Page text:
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Why We’re in the Golden Age of Documentary Filmmaking

Tanner Shinnick

We’re in the golden age of documentary filmmaking, and these films have now become as cinematically entertaining as their narrative counterparts.

Documentaries have never been as accessible, diverse, and well-respected as they are right now. Before this golden era, documentaries were mostly just considered a dull method of filmmaking — a pill you were almost forced (or advised) to swallow. This method of filmmaking was typically regarded as a nearly surgical, methodical means to inform or educate an audience.

When I started, documentaries were like the spinach of filmmaking. Nobody cared about them. Nobody wanted to pay for them. They weren’t sexy. Now, we’re in this amazing golden era of documentary and nonfiction storytelling, that just keeps getting more interesting. —Morgan Neville

More Accessibility

Arguably, Netflix changed the way we consume video content. Many would also argue that Netflix is one, if not the, primary reason for this current spike and increased interest in documentary filmmaking. Before Netflix, documentaries were much more difficult to find. If you wanted to watch Super Size Me, you had to search your local video rental store and hope they had a copy. At the time, there were very few documentaries considered mainstream.

Why We're in the Golden Age of Documentary Filmmaking — Super Size Me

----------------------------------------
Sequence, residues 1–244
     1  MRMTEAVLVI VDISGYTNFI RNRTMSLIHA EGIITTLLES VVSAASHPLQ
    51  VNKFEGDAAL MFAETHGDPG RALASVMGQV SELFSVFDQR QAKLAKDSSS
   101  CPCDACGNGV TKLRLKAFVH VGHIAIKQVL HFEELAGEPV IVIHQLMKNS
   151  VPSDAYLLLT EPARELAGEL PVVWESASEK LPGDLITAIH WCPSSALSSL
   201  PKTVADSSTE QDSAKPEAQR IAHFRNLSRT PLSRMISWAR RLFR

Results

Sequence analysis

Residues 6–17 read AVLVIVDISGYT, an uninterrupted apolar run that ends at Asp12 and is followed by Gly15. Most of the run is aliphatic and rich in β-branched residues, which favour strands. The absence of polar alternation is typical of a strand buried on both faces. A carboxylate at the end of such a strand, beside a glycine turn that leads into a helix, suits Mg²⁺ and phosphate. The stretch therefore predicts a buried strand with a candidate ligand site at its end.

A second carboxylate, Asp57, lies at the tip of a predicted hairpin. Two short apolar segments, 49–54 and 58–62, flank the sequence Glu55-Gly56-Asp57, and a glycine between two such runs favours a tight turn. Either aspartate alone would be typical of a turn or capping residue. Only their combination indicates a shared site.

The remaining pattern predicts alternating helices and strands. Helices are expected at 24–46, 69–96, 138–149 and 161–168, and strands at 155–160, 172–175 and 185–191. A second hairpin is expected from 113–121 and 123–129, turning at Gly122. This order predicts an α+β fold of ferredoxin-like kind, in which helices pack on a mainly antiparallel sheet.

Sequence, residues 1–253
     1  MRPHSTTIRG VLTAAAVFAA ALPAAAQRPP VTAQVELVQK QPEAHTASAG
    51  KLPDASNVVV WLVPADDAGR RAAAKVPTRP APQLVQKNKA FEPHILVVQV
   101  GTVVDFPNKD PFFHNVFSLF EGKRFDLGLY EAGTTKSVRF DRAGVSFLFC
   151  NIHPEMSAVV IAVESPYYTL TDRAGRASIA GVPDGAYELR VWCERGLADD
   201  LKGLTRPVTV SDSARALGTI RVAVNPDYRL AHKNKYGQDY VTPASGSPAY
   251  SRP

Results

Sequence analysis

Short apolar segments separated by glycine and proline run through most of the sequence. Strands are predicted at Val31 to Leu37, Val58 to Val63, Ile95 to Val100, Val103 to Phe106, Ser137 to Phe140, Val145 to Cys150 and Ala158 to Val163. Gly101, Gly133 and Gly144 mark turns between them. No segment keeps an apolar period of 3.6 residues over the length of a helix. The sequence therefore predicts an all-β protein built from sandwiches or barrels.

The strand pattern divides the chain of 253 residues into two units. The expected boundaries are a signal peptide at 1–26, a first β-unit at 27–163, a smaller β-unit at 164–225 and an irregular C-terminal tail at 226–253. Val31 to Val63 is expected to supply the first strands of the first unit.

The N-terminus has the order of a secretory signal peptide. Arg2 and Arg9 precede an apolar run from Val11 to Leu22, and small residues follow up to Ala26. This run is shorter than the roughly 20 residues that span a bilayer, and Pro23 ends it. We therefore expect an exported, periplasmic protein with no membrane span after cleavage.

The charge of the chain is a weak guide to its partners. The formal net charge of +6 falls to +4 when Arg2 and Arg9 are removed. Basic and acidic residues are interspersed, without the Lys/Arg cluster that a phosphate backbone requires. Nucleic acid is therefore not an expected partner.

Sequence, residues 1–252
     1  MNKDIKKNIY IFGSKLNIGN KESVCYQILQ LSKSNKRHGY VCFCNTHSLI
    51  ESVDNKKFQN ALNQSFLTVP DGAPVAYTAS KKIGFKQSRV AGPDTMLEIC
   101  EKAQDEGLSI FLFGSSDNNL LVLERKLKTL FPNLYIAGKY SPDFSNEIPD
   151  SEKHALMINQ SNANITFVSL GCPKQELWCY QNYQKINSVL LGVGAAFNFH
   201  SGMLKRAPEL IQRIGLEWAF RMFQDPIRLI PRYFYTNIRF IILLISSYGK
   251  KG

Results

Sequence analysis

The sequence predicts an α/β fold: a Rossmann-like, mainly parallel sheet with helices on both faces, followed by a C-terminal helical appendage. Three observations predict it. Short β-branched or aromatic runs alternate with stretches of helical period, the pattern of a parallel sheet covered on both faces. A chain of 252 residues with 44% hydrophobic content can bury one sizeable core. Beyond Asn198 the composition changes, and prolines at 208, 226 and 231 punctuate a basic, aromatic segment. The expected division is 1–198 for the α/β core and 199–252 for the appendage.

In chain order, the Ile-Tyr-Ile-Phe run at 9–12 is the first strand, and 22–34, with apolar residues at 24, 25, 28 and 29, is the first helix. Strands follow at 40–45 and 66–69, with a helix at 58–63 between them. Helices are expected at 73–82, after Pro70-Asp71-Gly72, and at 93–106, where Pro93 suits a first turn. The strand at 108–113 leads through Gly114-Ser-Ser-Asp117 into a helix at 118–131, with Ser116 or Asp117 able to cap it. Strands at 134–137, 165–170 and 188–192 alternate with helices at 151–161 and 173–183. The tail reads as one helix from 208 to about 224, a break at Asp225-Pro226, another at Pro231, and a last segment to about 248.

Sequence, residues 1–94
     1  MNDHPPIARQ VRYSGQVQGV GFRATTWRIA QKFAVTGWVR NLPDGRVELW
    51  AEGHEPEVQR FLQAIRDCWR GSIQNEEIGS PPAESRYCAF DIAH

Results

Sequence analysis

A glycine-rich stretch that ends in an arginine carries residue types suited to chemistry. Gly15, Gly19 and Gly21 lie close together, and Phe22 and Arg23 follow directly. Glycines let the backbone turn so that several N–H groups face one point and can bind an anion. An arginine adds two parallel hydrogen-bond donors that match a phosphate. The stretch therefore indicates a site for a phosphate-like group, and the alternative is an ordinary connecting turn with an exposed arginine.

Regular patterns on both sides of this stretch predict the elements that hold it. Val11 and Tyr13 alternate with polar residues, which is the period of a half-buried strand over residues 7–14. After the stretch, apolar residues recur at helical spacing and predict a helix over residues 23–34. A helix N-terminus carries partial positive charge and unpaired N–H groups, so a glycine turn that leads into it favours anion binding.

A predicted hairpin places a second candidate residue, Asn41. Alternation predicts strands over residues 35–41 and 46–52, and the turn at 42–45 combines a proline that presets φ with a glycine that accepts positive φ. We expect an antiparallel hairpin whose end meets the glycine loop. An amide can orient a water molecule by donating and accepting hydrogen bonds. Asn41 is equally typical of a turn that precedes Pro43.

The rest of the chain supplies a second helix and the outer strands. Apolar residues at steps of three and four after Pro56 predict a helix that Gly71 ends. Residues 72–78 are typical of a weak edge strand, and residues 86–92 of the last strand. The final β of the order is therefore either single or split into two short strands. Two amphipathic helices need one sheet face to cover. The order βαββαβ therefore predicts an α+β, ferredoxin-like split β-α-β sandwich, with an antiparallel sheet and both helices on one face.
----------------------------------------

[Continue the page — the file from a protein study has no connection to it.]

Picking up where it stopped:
Image via Super Size Me (Showtime).

Now, documentary films are at viewers’ fingertips everywhere.

More Supply, More Demand

Due to increased accessibility, audiences have discovered that they actually like documentaries and enjoy watching them.

The basic economics of supply and demand ring true for documentary filmmaking. This demand for quality, cinematic, entertaining documentary content is on the rise. As a result, much more documentary content is being created than ever before.

This increased production has even trickled down to branded content. We’re now seeing many companies and brands use documentary filmmaking to promote their products — since their audiences enjoy the genre.

Higher Quality

There’s no doubt that documentaries have improved over the years — in both storytelling and aesthetics.

Narrative and documentary filmmakers have borrowed from each other pretty steadily. For example, consider the narrative TV show The Office. This mockumentary-style show borrowed heavily from documentary-style filmmaking .

Why We're in the Golden Age of Documentary Filmmaking — Innocent Man

Image via The Innocent Man (Netflix).

On the opposite end, the Netflix series The Innocent Man is one of the most narratively cinematic documentaries I have personally ever watched.

Much of this increased quality in documentary is due to advances in equipment. In the mid-’90s, documentary filmmakers would’ve been floored to know there would a pocket-sized camera that can shoot as well as traditional cinema cameras. As a result, documentaries are shot at a much higher quality than ever before.

The Future

One can only predict what the future holds for the documentary. However, as it becomes a much more lucrative, respected, and in-demand form of entertainment, one can only hope it sticks to its grassroots and artistic background.

Cover image via Apollo 11.

Looking for more filmmaking tips and tricks? Check out these articles.

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